Brooks Brothers Inc., the two-century-old menswear company that set the standard for aspiring Wall Street bankers, is seeking to sell itself.
By guest authors Lauren Coleman-Lochner and Eliza Ronalds-Hannon, Bloomberg News
The retailer has extended a sale process begun last year, according to people familiar with the matter who asked not to be identified because it wasn’t public. Depending on how many stores a buyer wanted, a transaction could ultimately be part of a bankruptcy filing, they said. The company has about USD 600 million in debt.
“In the ordinary course of business, Brooks Brothers consistently explores various strategic options to position the company for growth and success,” a company representative said in an email. The company has “nothing to announce at this time.”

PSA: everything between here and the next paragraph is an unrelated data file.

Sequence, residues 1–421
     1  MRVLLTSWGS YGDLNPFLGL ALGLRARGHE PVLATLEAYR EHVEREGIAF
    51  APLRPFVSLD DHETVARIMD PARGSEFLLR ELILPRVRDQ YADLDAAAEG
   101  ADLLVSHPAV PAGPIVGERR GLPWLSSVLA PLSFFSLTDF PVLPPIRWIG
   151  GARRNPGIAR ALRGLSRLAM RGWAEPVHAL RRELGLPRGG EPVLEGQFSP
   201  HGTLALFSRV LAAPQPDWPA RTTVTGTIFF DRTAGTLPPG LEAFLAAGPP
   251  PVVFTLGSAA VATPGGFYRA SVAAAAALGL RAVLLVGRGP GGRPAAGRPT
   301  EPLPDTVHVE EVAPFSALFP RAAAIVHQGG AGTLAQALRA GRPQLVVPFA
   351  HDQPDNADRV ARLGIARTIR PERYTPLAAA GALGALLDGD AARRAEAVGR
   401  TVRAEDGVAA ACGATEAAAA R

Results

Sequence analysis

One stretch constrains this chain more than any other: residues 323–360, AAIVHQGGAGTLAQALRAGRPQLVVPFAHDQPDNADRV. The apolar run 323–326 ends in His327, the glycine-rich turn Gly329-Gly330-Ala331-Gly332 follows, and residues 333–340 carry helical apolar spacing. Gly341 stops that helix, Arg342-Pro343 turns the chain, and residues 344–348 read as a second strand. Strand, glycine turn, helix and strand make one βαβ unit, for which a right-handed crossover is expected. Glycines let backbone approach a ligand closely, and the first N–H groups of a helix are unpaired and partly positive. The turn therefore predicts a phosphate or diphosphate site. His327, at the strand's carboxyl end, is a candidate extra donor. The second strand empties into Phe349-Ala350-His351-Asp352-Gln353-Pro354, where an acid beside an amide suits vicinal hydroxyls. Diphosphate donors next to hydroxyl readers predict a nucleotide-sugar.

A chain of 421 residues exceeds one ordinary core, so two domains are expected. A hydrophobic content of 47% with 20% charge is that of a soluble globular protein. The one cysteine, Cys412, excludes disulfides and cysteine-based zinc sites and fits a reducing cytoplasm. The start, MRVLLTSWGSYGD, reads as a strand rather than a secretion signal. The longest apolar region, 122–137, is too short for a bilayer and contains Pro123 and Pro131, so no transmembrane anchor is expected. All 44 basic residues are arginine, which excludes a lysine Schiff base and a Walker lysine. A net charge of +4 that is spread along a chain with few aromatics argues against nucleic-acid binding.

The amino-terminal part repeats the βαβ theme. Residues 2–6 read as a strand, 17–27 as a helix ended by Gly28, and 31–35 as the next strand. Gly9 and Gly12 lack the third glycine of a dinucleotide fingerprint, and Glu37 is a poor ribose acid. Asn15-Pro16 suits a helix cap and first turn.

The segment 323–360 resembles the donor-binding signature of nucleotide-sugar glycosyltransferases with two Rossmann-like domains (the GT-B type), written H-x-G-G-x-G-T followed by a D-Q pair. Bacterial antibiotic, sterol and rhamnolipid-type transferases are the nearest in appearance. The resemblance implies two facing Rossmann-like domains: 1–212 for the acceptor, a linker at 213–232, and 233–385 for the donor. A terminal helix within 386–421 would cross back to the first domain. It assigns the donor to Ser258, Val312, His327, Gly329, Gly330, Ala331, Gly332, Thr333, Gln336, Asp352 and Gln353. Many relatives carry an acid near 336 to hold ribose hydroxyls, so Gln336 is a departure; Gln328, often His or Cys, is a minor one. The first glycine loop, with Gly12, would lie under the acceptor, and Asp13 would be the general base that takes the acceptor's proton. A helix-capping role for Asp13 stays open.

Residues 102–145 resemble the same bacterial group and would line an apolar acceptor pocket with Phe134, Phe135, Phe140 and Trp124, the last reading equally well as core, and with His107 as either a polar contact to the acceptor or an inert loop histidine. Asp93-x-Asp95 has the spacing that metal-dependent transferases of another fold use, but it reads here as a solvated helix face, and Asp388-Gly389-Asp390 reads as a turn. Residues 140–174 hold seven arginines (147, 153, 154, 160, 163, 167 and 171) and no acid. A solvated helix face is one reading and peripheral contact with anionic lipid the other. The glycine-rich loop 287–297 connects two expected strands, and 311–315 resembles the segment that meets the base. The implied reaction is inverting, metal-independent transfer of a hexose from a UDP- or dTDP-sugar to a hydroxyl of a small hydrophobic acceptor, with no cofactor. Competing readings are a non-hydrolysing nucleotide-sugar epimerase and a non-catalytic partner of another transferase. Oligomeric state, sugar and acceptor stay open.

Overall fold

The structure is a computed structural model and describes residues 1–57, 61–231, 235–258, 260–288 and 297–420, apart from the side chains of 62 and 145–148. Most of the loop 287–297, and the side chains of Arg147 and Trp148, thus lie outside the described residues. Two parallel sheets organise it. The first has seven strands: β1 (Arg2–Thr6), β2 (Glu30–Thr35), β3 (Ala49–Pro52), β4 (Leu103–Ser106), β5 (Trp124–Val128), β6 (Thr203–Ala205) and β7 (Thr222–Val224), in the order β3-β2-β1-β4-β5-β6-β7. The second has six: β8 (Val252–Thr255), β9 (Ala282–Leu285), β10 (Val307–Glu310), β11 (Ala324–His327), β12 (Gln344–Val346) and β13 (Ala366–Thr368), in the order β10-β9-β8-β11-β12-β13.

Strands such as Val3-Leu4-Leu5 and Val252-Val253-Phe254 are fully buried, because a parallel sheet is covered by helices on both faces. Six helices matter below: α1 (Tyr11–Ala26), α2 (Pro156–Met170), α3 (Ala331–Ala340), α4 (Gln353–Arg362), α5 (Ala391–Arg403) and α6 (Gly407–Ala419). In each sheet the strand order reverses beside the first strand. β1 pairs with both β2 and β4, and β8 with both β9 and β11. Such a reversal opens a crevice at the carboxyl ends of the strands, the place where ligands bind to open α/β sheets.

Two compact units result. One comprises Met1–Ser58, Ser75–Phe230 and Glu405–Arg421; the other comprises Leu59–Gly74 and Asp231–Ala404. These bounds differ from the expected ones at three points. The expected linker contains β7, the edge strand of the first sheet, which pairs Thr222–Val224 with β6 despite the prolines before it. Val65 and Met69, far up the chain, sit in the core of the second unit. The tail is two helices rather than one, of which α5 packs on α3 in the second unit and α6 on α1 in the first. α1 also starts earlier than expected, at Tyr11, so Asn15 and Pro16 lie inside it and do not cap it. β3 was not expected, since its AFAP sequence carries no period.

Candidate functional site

Even as some states start to ease lockdowns aimed at containing the coronavirus pandemic, it remains to be seen how quickly consumers will return to stores and how much they’ll spend. While even the affluent Brooks Bros. clientele has little need for new suits at the moment, the brand’s history and cache has elicited interest, the people said.
Many of the company’s approximately 250 U.S. locations have struggled, some of the people said. It operates a similar number of stores in more than 40 other countries, according to its website.
Henry Sands Brooks opened the first store in 1818 on the corner of Cherry and Catherine streets in lower Manhattan. The company, which calls itself the oldest U.S. clothing retailer, has dressed U.S. presidents including John F. Kennedy and now sells men’s, women’s and children’s clothing.
Its suits became the uniform of the Wall Street macher, but as it expanded, it opened more stores in malls and on Main Streets, some of which are dragging on its performance now. British merchant Marks & Spencer bought the company in 1988, then sold it to billionaire Claudio del Vecchio in a deal completed in 2002.